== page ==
>I just finished reading Wild at Heart by John Eldridge. The last word in my copy of this book is fatherlessness. What a final sounding word.
I am fatherless. My father is not dead, but I do not have a father and it has been many, many years since I’ve had one. My father’s father died in a tuberculosis asylum in 1942 when my father was 18 months old. I have in my possession the actual handwritten letters that my grandfather wrote to my grandmother from the asylum before he died. They are my only inheritance, these letters written by a 25 year old man dying from tuberculosis. Mostly the letters are filled with I love you’s and please kiss my boy. The one running theme in them is my grandfather’s plea for a new pair of pajamas. At the end of every letter, he asks if my grandmother is going to come see him soon and if she does will she please remember that he needs a new pair of pajamas. I remember the first time I read through those letters and cried and cried wishing I could have taken him something so simple as a new pair of pajamas. I don’t know if he ever got any new pajamas before he died and the thought that he lay there gasping his last breath in filthy, old pajamas, all alone, breaks my heart.
When my grandfather died, my grandmother almost immediately took up with an ex-con and had a baby out-of-wedlock with him. Her sister turned her into the Child Protect Services of its day. My father was taken away and put in a foster home where he was routinely chained to a tree and fed like a dog until he was 6 or 7, I believe. Then he was returned to his mother’s care, but I’m afraid the damage was done.
My earliest memory of my father is of him and my mother having an argument. We were outside under a street lamp. Most of my memories of my father are of him angry. He was angry and violent. He called me a whore and a slut to my face and threw me out of my home when I was 17. I’ve tried to reconcile with him several times, but eventually his dark anger always returns and for my safety and the safety of my children, I’ve cut off all ties to him. And so now I’m fatherless.
When my son was a little boy, he’d ask about this mysterious grandfather. How I wanted to lie to him and tell him that my dad had died valiantly in Viet Nam. He was dead to me anyway, why not give the poor man the thing he’ll never have, a hero’s death, and as a grand bonus I could give my son a precious present, too. A grandfather he could be proud of and look up to, even if he was dead. But I never could bring myself to lie such a big lie and especially one that would eventually be found out. That never leads to any good. So I told the truth….sort of. No, I didn’t tell that his grandfather was in prison because he’d holed himself up in an attic with an arsenal of weapons and dared the SWAT team drag him out. I said something lame about him being in Viet Nam and now being very sick and that we can’t have a relationship with him because he’s not well. I left out the part where my father’s last words to me were that he would kill us all (my mother and my siblings and everyone) and then himself in order to end his agony on this earth.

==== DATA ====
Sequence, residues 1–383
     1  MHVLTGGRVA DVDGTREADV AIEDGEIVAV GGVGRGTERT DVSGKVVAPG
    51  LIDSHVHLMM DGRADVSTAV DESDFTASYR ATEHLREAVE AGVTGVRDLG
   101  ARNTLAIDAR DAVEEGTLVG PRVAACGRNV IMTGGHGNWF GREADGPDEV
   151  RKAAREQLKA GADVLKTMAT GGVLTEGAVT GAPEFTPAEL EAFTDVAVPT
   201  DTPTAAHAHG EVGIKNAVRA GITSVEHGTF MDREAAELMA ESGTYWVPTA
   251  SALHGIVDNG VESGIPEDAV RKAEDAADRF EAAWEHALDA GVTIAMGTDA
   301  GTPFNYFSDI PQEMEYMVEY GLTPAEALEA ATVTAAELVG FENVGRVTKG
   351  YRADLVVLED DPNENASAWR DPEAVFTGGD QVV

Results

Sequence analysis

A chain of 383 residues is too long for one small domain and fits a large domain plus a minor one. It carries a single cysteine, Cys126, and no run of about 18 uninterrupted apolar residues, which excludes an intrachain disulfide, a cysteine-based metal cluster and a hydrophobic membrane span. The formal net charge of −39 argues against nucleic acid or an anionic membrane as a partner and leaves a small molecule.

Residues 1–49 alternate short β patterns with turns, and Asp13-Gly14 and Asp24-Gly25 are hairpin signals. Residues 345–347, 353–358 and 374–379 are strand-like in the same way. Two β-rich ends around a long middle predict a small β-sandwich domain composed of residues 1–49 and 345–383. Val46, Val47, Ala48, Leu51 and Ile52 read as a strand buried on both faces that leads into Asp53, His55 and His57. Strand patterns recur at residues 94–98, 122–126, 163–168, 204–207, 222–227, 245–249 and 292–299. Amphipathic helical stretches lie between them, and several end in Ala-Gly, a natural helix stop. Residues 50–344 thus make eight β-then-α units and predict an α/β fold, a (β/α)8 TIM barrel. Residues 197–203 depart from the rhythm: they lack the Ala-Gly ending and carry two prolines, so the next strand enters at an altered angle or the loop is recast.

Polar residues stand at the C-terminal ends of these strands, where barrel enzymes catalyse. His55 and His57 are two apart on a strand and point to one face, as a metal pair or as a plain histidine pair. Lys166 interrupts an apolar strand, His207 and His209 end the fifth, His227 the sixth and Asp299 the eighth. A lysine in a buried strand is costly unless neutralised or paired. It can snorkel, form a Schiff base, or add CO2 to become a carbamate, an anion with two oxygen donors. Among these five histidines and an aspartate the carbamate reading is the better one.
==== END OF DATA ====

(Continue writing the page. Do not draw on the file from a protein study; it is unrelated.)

My son was not satisfied with my evasive and vague answers at all. He would always press just a little and then, getting nowhere, would walk away with a mystified look on his face and I would always wonder if leaving him to his imagination was actually worse than telling him the reality. But I did not want to ruin my child’s innocence and tell him the truth that his grandfather hated himself and his children and his grandchildren. I didn’t want to tell him that his grandfather wanted to see us all dead and that he was a dangerous, evil man, and if he ever appeared at our front door we had best run away. Run away as fast as we could.
NO! I wanted to protect my son’s vision of men. I wanted him to see himself as coming from a long line of brave and courageous and good men. I wanted my son to see himself as one of those men. Not the sick, dying man begging for pajamas and certainly not the crazy, violent lunatic who still might show up at my door one day and take the life he should have protected and valued.
I had thought that I’d walked through all of this before. A year ago I would have spoke about this from a place of peace, but today I talk about it through the furious winds of a hurricane that howl around me and threaten to consume my sanity. It is dark here. Very dark. And I do not want to go here again. Not ever again. Trust me, I’ve had therapy and I’ve had prayer and I’ve had healing up the ying yang. But apparently God has ordained for me that I take another trip through this again but this time through the eyes of my son.
Satan has perfect aim and he knows just where to shoot the arrow. Let’s give credit where credit is due. Satan has wounded me badly. Very badly.
But this time, complete Victory is at hand. I know it. Here in the darkness, I know there is light and I know there is a blessing coming soon. But geez, it is dark here now. Dark and lonely. I have no father to protect me now and I never have had one. I’m finally grasping just what all that has meant and how it is that the sins of the fathers are visited on the 3rd and 4th generations. But I will be the generation that makes the difference. I will be the righteous generation that causes the Lord’s blessings for a thousand generations. I claim this as my own. That the gates of hell and the sins of my father will not prevail against me or my own. In Jesus’ Name. Amen.